Along the way, they are aided or hindered by a wild assortment of characters with names reflecting the oddity of life on Fino:  Bodil Hippopotamus, the municipal director of the commune where they live;  Alexander Beastly Flounderblood, the new replacement for the headmaster at Peter’s school; Anaflabia Borderrud, the Bishop of Grena; and Leonora Ticklepalate, the head nun of a Buddhist community, computer genius, and counselor in a program that offers sexual-cultural coaching.   Polly Pigonia heads the Hindu community and runs the main branch of Fino Bank, while Sinbad Al-Babblab is the imam of the Muslim community.  Albert Winehappy, a man with many secrets, is believed to be an elephant keeper, and Pallas Athene runs an upscale brothel “themed on the Greek Mysteries” which services both men and women.

The children learn than their parents are not at La Gomera, a place they love in the Canary Islands.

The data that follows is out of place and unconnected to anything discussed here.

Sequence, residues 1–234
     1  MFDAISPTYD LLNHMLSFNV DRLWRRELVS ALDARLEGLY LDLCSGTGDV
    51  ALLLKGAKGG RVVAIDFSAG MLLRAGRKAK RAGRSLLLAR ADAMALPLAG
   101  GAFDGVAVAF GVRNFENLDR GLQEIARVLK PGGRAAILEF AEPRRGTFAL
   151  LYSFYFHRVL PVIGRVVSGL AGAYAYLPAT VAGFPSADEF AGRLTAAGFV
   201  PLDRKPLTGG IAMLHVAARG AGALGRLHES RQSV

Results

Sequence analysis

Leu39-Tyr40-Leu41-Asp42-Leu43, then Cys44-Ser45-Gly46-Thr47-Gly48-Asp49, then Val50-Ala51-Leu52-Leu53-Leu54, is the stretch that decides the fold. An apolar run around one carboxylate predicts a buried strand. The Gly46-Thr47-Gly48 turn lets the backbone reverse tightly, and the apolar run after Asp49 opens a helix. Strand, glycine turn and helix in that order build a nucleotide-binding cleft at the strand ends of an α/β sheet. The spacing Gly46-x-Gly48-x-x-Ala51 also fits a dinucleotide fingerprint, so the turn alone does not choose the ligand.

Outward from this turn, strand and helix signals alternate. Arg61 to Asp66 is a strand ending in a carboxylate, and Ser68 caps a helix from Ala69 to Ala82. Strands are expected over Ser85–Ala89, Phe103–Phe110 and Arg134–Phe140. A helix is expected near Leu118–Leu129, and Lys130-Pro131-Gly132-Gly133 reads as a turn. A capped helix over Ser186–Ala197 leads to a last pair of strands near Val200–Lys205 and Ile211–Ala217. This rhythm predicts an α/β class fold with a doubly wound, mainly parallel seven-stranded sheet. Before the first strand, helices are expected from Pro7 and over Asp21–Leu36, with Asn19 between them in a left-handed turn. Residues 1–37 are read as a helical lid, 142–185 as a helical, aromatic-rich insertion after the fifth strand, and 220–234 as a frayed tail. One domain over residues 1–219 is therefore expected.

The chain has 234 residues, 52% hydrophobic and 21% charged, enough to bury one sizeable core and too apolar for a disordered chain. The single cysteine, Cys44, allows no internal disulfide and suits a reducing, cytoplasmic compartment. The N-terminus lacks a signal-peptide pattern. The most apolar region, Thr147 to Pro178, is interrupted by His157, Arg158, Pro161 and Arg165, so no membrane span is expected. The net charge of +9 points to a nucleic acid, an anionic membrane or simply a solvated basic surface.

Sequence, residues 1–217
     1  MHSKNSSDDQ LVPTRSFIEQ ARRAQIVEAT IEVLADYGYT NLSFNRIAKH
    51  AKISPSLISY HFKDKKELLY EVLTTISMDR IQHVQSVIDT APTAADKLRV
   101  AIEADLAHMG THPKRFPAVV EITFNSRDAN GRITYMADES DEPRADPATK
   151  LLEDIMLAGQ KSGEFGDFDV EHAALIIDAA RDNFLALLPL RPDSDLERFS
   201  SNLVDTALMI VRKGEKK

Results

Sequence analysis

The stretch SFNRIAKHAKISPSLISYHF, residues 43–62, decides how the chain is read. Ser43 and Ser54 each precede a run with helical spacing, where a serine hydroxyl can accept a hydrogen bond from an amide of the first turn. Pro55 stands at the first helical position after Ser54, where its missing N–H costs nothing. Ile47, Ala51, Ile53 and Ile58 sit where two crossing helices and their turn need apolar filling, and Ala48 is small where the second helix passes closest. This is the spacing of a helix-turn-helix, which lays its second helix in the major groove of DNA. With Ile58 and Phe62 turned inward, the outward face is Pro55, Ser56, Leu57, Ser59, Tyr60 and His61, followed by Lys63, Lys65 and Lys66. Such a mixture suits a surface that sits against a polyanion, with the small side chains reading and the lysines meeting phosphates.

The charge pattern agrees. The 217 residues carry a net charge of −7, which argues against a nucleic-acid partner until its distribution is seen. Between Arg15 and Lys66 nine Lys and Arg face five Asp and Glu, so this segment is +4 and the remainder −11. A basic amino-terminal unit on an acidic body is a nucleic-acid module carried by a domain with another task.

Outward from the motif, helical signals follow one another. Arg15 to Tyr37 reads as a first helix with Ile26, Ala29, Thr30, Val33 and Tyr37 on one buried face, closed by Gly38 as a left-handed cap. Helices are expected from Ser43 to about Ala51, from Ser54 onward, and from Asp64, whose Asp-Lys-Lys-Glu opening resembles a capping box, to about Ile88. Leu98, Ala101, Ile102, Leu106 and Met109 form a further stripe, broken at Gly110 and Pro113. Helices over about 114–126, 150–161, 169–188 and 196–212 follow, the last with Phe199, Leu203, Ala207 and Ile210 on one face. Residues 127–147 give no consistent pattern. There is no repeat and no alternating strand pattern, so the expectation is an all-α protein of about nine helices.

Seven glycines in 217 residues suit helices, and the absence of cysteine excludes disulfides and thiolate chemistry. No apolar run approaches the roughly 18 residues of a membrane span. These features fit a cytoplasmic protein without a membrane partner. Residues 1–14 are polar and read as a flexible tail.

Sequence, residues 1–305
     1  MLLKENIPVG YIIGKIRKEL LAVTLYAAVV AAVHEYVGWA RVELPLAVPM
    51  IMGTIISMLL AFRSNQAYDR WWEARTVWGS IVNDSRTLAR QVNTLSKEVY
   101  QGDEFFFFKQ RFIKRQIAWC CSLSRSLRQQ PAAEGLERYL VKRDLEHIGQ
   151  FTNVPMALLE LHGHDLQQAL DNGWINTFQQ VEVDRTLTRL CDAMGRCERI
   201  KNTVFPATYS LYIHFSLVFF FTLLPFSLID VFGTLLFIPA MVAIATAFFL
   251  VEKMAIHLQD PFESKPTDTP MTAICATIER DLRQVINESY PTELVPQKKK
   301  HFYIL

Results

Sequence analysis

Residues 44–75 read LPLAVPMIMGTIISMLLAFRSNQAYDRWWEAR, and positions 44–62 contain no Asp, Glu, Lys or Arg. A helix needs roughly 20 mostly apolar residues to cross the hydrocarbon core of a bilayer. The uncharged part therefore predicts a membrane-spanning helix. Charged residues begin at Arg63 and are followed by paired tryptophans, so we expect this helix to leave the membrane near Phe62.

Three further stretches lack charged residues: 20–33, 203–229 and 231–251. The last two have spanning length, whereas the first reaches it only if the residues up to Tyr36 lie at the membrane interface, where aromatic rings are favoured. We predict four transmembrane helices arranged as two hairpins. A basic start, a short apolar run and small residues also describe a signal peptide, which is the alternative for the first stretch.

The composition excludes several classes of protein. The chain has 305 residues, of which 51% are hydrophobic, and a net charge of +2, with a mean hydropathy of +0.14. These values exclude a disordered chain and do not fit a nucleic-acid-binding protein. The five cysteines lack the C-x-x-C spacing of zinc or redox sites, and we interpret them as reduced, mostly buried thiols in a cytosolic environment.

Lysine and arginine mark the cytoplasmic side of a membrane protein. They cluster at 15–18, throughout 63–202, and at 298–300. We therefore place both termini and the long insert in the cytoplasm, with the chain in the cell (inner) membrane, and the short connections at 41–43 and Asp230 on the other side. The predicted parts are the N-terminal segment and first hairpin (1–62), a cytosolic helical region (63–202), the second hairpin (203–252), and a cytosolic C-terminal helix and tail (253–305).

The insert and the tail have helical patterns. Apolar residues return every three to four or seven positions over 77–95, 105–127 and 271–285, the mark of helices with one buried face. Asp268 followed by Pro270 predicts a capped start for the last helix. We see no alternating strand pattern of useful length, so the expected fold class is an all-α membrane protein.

All these characters will gather in Copenhagen where Sven Sewerman, a contractor who has renovated most of the sewers in Jutland, one of the wealthiest men on the island, is sponsoring a religious synod at a famous castle.  In addition to the meetings of all the religious groups and an attempt to create peace among them, the synod will also involve a display of religious artifacts, including jewel-encrusted crucifixes.  Four “floaters,” three men and one woman, may be terrorists planning havoc at the synod – unless they are stopped – and the issue of guns and explosives and who has them lurks as a threat as the plans for the synod progress.

As for where and how Peter and Tilde and Basker fit into all this craziness as they search for their parents….  The children have discovered some secret rooms and secret information in the elaborate rectory where they have lived with their parents, and as they investigate in an effort to find them, they begin to learn more about the past.  Suddenly, they begin to question just why their parents have disappeared, remembering the last time they disappeared, and their eventual return home in a Maserati, with Mother wearing a mink coat.  The children fear their parents have big plans for the synod.

A Maserati, similar to the one which the parents drove home from a previous "disappearance."